RUSSIAN MATERIAL accounted for around half of Sotheby’s 144-lot sale of Fabergé, Gold Boxes & Objets de Luxe at the Mandarin Oriental Hotel in Geneva on November 15. There were 71 Russian items on offer: 39 sold (55%), for a total CHF551,000.


Lot 1275, Fabergé jewelled platinum and gold-mounted chalcedony


The proportion was higher for Fabergé pieces: 27 from 44 sold (61%), bringing CHF442,000. But there was nothing to write home about among those 44 items – no new discoveries or masterpieces, but lacklustre bits and pieces of little consequence. Even so, several things were quite nice… and I snaffled the most interesting one: a jewelled platinum and gold-mounted chalcedony convertible kokoshnik brooch by Holmström. This had an A La Vieille Russie provenance, was shown at the Smithsonian in 1983, appears in various publications, and retains its original case. I came in at CHF20,000 and anticipated a lengthy bidding war – so I was surprised to encounter scant competition and land the brooch for CHF35,240 (Lot 1275).




A rock crystal Red Cross ‘ice pendant,’ designed by Alma Pihl and made by workmaster Albert Holmström, fetched a mid-estimate CHF50,400. Sotheby’s dreamt up a lengthy spiel about its ‘important, continuous’ Swedish provenance and likened it to both Faberge’s frosty-looking Winter Egg of 1913 and the Fabergé ‘ice pendant’ they sold in London for a considerably heftier £214,200 on July 5 – and which they claimed was in its original case. I don’t think so: Fabergé cases were designed for piece to fit snugly inside, not loosely as with the Fabergé case here. It was of roughly the right size, but nothing more than that: a marriage of convenience, in my opinion. (A few hundred bucks can buy you an original Fabergé holly-wood case, that some enterprising folks have refitted to accommodate either Fabergé forgeries or authentic pieces, and maximize their commercial potential.)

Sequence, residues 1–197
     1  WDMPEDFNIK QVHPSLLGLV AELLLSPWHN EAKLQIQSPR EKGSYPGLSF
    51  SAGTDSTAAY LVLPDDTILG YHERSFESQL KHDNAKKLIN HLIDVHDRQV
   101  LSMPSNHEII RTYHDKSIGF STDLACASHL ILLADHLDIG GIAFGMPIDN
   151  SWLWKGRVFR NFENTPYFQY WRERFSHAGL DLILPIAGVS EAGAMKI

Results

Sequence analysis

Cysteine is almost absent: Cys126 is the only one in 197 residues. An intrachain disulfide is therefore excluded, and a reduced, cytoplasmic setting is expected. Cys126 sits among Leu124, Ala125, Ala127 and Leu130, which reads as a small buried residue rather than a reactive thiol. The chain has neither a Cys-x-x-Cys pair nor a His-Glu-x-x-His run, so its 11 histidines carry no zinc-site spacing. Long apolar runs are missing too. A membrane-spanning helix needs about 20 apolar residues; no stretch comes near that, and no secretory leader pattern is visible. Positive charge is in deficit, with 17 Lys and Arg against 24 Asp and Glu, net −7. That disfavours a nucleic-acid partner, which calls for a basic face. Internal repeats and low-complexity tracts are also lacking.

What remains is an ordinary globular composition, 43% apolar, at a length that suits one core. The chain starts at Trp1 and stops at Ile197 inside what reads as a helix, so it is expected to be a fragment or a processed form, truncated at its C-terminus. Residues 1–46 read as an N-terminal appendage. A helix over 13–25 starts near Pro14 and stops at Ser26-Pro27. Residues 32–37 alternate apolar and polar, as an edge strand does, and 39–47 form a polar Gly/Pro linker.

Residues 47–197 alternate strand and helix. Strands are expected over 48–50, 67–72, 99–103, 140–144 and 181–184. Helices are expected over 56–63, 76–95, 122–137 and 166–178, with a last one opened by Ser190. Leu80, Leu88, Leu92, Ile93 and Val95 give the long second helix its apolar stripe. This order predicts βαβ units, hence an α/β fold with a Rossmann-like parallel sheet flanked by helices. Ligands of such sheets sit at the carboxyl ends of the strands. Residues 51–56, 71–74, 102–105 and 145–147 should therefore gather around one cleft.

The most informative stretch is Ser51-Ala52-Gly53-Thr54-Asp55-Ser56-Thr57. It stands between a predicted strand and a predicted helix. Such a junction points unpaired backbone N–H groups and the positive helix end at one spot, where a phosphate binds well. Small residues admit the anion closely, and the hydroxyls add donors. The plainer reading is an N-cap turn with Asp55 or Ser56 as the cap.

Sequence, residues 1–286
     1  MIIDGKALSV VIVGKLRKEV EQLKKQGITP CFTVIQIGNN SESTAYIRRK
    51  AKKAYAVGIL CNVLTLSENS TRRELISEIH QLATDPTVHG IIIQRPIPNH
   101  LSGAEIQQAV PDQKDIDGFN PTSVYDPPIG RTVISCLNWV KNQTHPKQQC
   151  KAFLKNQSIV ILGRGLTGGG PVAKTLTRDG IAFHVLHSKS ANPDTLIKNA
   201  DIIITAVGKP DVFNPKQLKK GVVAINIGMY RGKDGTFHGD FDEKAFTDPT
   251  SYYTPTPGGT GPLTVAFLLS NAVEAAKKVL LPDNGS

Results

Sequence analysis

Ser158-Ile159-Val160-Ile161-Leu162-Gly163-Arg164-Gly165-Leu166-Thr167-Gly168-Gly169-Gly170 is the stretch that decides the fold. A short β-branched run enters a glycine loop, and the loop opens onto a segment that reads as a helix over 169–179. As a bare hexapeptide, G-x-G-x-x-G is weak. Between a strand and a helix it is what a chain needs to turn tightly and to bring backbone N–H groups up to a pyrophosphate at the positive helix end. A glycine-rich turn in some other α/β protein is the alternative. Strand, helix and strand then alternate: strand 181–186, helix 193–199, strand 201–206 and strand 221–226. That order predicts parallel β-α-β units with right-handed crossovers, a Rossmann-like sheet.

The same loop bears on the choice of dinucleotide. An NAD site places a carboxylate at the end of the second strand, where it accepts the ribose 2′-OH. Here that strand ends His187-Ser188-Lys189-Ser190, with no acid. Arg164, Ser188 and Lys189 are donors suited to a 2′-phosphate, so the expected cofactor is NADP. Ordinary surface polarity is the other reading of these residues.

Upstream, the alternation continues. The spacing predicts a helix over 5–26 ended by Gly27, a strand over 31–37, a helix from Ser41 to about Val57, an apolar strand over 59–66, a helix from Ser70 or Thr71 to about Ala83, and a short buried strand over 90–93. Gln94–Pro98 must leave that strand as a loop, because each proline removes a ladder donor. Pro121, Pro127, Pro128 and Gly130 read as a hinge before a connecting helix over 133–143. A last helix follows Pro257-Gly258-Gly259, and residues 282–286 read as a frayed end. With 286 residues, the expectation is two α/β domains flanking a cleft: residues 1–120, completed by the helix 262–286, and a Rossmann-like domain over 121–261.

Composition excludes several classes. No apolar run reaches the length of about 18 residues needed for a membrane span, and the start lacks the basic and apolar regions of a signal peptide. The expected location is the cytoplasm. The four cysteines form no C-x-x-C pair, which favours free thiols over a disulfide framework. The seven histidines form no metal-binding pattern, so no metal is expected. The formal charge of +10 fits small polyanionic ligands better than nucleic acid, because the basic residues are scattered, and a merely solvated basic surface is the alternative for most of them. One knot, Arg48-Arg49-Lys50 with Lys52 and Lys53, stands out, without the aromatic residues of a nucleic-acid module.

As for the Geneva pendant, I had a good look at the thing at the viewing. These Fabergé pendants are typically matt and ‘sand-blasted’ – but here the back was shiny and had traces of uneven tooling – some kind of machining. That did not incite great faith in its veracity. Nor did its ‘indistinct scratched inventory number.’




A beautiful Fabergé gold and guilloché enamel box (Lot 1288) was sadly damaged, otherwise I’d have been contender numero uno. Instead it had to make do with a bottom-estimate CHF30,240.


Lot 1288, Fabergé gold, guilloché enamel box




Lot 1291, which sold for a quadruple-estimate CHF52,920, was the sale’s most troubling item. It was described as an ‘imperial Fabergé jewelled Cairngorm smoky quartz model of an Owl,’ with its ‘reverse side left in its natural, rough state.’



I’ve never ever seen a Fabergé creature – owl, dog or snake – left in a partly ‘natural, rough state’ – i.e. unfinished. I’ve been to Fabergé exhibitions in New York, Munich, London and Moscow – and never seen a bona fide creature that wasn’t fully carved. My Fabergé library has just about every Fabergé book or catalogue ever published, but none of them refer to a chunk of mineral like this. So I cannot possibly endorse this Owl’s authenticity. Nor could any of the Fabergé scholars or respected dealers I spoke to. Just about everybody whose opinion counts shared the same opinion.

The Owl, reported Sotheby’s, has a ‘scratched inventory number 25463.’ I examined this inventory number in Geneva and found it less than convincing. Similar pieces in my stock have inventory numbers that are easily readable. The inventory number on this owl is rough and unclear.

The Owl was reportedly consigned from a ‘Private German Collection’ – fine. Why not? Sotheby’s also claimed – citing a statement by Prince Andrei of Russia, eldest nephew of Tsar Nicholas II – that it was ‘carved by Fabergé for my great Aunt Queen Alexandra from a stone from the Cairngorm near Balmoral.’

A Statement by Prince Andrei of Russia


Prince Andrei made his statement in 1972, when he was 75. In April 1916 he was 19. What a memory!

But where’s the evidence? Where’s the invoice? I can write that sort of ‘I’m Ruzhnikov – trust me’ bullshit all day long.

Sotheby’s went on to claim that ‘talented lapidaries worked a specimen from the Cairngorms specifically for the recipient of this carving, Empress Alexandra Feodorovna.’